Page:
I read a great line the other day.
It was one of those lines that draws together all of the things that were swirling around in my head. I was thinking about why Nike became so successful. I kept asking, ‘Yes, but why Nike?’ Advertising is good but I fear, not that good.
The quote simply said
‘If you want to be a leader, simply find a parade and walk in front of it.’
A great marketing truth. The only trouble is it is so American. We tend not to have many parades here.
But we do have waves.
So, Nike? Perhaps we can explain its success like this.
There’s Nike paddling around on a surfboard. They’re making good sporting footwear along with others who were making good sporting footwear. Suddenly along comes a wave. And with a few carefully timed powerful strokes Nike is up and riding the ‘Jogging Wave’. And then the rest is history.
So if you want to be a leader, find a wave and ride it.
The trick for marketing people is predicting what wave is a coming and exactly when to start paddling.
Abraham Maslow might be able to help.
Maslow was a psychologist who studied ‘well people’. He noticed that our needs were regularly ordered. The first things we take care of are the basic necessities. This first level of needs he labeled as ‘physiological basic needs’ for body function; water, air, shelter, basic food and such.
When those needs were taken care of, people could move to take care of safety needs. Safety needs consist of things like a safe environment and protection – territory Volvo held for so long.
The next level of needs is those dealing with love and belonging. These are things like friends, a life mate and children.
But, if you lose your safety or your basic body needs, you may not worry about your family and friends until those needs are taken care of. If you have nowhere to live, or nothing to eat you tend to forget about Mother’s Day and Valentine’s Day takes a low priority.
If your needs for love and belonging are met, you then address your needs for esteem. There are two levels of esteem needs. The lower of the levels relates to elements like fame, respect, and glory. The higher levels deal with confidence, competence, and achievement. The lower level is generally considered poor. It is dependent upon other people, or someone who needs reassurance because of lower esteem and in some cynical way, presents a strong opportunity for a brand to step in and fill that void. People with low esteem need respect from others. People with high esteem seek fame or glory, which again are dependent on others.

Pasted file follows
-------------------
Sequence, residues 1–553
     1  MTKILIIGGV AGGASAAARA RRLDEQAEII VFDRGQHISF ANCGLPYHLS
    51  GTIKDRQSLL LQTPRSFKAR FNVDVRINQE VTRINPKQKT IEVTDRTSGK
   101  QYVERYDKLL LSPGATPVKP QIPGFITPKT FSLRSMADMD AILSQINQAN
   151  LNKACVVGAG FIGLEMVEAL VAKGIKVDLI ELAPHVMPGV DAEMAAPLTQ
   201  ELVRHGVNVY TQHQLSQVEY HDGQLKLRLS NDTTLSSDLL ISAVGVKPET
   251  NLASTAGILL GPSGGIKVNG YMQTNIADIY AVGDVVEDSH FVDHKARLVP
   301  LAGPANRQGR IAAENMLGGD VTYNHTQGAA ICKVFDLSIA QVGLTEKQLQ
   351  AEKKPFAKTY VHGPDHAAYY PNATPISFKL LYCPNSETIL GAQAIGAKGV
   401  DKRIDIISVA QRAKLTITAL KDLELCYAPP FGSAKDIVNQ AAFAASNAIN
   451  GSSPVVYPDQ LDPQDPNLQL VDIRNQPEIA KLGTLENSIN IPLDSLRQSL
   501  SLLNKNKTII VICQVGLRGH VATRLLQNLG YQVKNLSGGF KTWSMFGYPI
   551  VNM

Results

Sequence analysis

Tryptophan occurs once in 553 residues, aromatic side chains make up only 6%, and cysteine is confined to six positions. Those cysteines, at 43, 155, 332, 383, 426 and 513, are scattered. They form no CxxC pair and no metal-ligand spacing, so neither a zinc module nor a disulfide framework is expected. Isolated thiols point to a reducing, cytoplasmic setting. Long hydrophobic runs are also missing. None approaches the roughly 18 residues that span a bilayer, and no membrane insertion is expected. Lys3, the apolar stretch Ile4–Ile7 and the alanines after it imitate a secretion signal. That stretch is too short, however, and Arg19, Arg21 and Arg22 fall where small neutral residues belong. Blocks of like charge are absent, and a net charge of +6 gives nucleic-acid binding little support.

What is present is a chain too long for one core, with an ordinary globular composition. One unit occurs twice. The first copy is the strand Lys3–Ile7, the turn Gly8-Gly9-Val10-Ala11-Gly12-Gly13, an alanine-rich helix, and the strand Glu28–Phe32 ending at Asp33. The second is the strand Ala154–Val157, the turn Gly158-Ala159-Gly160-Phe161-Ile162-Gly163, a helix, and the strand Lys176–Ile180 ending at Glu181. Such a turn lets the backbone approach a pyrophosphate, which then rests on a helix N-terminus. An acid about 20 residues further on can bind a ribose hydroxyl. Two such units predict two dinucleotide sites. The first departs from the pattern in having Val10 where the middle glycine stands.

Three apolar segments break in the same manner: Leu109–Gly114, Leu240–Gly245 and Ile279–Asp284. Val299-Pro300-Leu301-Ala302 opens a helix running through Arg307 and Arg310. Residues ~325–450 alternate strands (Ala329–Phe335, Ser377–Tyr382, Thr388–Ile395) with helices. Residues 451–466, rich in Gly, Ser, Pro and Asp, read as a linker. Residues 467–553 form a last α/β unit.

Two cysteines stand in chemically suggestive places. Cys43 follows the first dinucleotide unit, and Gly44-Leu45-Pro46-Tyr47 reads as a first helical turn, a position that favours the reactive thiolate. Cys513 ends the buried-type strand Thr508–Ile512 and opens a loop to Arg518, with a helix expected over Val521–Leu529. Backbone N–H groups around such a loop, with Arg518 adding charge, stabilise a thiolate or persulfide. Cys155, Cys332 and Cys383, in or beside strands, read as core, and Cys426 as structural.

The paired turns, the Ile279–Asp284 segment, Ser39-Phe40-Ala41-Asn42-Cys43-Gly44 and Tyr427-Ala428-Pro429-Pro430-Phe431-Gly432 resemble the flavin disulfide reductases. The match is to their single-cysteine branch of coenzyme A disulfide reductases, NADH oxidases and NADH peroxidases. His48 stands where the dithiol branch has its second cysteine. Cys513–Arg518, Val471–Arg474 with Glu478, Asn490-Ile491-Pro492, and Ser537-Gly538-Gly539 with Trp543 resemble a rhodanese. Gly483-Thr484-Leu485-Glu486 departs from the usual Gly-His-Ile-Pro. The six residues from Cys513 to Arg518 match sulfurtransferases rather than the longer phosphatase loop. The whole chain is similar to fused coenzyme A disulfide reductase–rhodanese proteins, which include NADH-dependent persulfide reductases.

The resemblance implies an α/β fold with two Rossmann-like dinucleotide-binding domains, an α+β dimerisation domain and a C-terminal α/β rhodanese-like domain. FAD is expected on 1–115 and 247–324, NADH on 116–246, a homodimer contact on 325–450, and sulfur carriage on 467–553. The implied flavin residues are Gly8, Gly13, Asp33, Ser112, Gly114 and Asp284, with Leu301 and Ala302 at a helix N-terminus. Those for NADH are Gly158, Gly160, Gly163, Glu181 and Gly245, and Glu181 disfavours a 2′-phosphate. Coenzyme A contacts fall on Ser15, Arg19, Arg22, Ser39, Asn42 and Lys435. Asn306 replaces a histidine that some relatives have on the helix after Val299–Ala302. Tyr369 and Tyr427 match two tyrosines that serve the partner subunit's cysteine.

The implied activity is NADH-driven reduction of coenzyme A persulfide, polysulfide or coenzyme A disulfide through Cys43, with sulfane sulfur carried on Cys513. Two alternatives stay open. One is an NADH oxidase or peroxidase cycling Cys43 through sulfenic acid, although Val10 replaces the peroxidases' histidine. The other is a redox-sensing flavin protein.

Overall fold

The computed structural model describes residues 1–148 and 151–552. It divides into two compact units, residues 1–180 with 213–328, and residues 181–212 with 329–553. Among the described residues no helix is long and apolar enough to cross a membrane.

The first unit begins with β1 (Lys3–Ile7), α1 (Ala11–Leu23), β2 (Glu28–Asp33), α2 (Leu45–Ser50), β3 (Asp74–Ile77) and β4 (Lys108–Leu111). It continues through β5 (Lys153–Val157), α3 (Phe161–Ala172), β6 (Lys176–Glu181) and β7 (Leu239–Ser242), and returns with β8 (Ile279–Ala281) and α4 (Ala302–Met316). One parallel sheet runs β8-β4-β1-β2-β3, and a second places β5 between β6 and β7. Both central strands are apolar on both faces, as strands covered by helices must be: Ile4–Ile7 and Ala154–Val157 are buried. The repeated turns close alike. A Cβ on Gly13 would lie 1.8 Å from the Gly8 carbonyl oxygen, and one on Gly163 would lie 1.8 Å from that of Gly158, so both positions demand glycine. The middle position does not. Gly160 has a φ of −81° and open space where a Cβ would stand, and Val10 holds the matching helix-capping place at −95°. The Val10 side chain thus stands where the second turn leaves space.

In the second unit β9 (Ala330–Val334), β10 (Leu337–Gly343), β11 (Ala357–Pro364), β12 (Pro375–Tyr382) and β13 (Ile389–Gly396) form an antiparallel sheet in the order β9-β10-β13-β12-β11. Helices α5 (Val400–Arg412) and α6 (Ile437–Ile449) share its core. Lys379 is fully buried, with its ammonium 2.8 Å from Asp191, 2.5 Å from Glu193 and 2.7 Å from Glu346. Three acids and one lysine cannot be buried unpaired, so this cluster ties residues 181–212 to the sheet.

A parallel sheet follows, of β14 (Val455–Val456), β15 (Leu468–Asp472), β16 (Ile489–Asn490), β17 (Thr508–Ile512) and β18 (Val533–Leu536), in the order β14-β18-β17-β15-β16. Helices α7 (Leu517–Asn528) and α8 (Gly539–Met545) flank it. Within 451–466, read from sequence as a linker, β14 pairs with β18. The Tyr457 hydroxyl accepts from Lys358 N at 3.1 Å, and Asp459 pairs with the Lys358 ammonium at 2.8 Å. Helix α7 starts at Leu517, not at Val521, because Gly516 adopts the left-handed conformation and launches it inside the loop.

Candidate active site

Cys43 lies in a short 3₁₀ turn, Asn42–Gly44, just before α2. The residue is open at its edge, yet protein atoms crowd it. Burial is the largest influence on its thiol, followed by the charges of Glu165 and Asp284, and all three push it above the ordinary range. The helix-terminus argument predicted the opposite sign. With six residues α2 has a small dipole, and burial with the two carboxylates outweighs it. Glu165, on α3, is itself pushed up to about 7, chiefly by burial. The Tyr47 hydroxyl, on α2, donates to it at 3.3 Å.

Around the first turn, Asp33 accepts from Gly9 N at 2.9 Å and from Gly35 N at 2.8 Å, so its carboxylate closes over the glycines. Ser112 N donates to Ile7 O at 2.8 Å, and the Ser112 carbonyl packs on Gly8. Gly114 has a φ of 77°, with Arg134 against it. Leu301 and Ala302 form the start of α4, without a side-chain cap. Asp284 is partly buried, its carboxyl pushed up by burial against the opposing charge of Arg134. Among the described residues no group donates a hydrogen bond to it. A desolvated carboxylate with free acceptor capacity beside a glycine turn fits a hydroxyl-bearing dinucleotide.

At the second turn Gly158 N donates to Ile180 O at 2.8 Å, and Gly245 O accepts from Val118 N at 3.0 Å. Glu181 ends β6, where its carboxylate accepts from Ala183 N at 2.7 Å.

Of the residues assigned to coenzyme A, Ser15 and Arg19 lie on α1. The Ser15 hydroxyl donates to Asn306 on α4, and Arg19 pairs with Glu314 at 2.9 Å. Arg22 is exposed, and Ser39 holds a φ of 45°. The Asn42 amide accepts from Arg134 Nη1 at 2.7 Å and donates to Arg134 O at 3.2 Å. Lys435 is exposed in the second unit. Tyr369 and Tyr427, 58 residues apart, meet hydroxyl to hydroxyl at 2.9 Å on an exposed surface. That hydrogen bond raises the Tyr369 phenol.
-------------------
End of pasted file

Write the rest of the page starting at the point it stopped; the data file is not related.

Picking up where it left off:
The final level is different than the previous four. It involves the desire to ‘be all that you can be’. This is the level where people try to maximize their potential. It is called the self-actualization level and only accounts for around 2% of the population.
So how can you use all this to predict ‘social waves’?
We can do it everyday by reading the papers and listening to the news. Events like 9/11, the Bali Bombings, the War in Iraq, even elections all have an effect on everyone’s psychology.
Those events caused people to reassess their values at a personal level. It can knock people down a level or two on Maslow’s scale. It can turn their needs to thoughts of safety. In a marketing sense you would not be surprised to see an increase in demand for everything from personal security to firearm sales – especially if it was an election that bothered you.
Because of where the need for safety is placed in the hierarchy, there was no real change in the demand for food and water – or clean air for that matter.
By keeping track of current events and public sentiment, you can predict to a great extent what people are going to be motivated to spending their time and money on.
The reverse is also true. When things are going very well, they will be motivated to spend more money – sometimes huge amounts – on things higher up the pyramid.
So, here is the rule. Market to the layer of the hierarchy where people feel their need is best being meet. When things are going well, ride the wave of self-satisfaction.
I believe one of the most vulnerable industries could be housing. Motivations to move and buy could change with the flick of a newspaper page.
But it does not need to be monumental, earth-altering news either. My brother who lived in Geelong for many years, said consumer self esteem was sky-high on Mondays and Tuesdays after an AFL win and crashed to lower levels with a loss. Imagine what Maslow ‘wave’ you could employ if they won a flag.
So one day, when you discover a picture of Abraham Maslow, check for tan, boardies and salt in his hair.